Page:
I spent 5 years living in a one bedroom cottage in rural Vermont, not much bigger than some of the ones shown in the NYTimes article, and it was by far the best living experience I’ve ever had in my life. It does help to have storage space nearby though (I had a barn for things like my bicycle, garden tools, etc.)
Deanon 22 Feb 07
I love the little houses (cabins really) and have checked out the Tumbleweed models before.
But I find the photo from the article you reposted here to be quite depressing. Like a little cell in the middle of nowhere! That particular model reminds me of some state park public restroom…
Dave Pon 22 Feb 07
Um, am I the only one that see the idea of making you second home “smaller” as a bit of an oxymoron?
One would think that the most environmentally friendly way to live would be in a single house no?
I suppose it’s a wonderful idea to try to make houses smaller, but I can’t see any advantage to owning one of these: It’s like living in a condo with all of the disadvantages, and none of the advantages! :-)
f5on 22 Feb 07
There’s something about plopping a cube in the middle of an otherwise empty, barren plane that strikes me as such comepletely absent-minded, horrible site location. Regardless of how good/green/energy-efficient/yadda the manufacturers of these small homes bill themselves as. I’m really hopeing that house in the photo was put there temporarily as a photo shoot.
bradon 22 Feb 07
I’m really hopeing that house in the photo was put there temporarily as a photo shoot. No, the guy who owns it is a lawyer who bought the land for conservation purposes…he says the small house puts the focus on the land, which is really why he bought the property. It doesn’t have a bathroom or kitchen; he says he’s going to put up another small house next door as a bathroom but didn’t say anything about a kitchen. I get the feeling it’s a weekend retreat.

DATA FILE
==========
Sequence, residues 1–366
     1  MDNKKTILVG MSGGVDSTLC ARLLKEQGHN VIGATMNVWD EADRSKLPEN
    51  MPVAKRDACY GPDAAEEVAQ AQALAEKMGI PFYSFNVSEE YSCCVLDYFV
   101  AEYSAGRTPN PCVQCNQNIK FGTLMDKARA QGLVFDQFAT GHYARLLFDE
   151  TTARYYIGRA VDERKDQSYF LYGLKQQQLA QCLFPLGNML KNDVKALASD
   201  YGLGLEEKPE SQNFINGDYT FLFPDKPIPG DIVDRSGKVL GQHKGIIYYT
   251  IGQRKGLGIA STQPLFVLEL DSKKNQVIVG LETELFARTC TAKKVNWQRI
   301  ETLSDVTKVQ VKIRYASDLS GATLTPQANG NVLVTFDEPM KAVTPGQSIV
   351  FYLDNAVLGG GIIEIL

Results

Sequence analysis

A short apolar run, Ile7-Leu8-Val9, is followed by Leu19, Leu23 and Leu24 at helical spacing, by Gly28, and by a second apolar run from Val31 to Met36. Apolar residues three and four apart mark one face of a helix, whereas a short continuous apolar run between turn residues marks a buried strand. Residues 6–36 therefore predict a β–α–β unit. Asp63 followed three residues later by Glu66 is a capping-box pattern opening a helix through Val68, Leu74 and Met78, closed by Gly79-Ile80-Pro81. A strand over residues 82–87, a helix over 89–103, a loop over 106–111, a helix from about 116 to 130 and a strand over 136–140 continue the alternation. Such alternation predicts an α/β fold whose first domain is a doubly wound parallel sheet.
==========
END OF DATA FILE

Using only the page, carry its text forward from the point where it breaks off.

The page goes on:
Mradon 22 Feb 07
Sooo…has this “less is more” thing finally jumped the shark?
I know, ideally it’s “more from less”, but I think some folks are taking it a tad too far.
Roberto Alamoson 23 Feb 07
Those tiny houses are horrible. Less is not always better.
Markon 23 Feb 07
Big land, tiny, low weight house, no foundation…
I guess it’s less cleanup too, after the F3 comes roaring through.
Seth Aldridgeon 23 Feb 07
It’s sad that these small houses are a hell of a lot cooler than my apartment.
Peter Cooperon 23 Feb 07
My girlfriend and I are buying our first house now, and it’s 505 square feet for $210,000. Funniest thing is, this is actually a bargain and we’re 150 miles out of London ;-)
Joseph LeBlancon 23 Feb 07
Remember, some of us don’t want a house. I would rather have 500 square feet near something interesting than 2000 out in the middle of nowhere. Of course, this article was talking about the middle of nowhere, but I could see these small homes as reasonable entry-level housing.
Garethon 23 Feb 07
This is a bit off topic. Not a little house, but another kit house, and a really cool one at that…
If I lived in Europe and was building a house, I’d be mighty tempted by the huf-haus
Nathanielon 23 Feb 07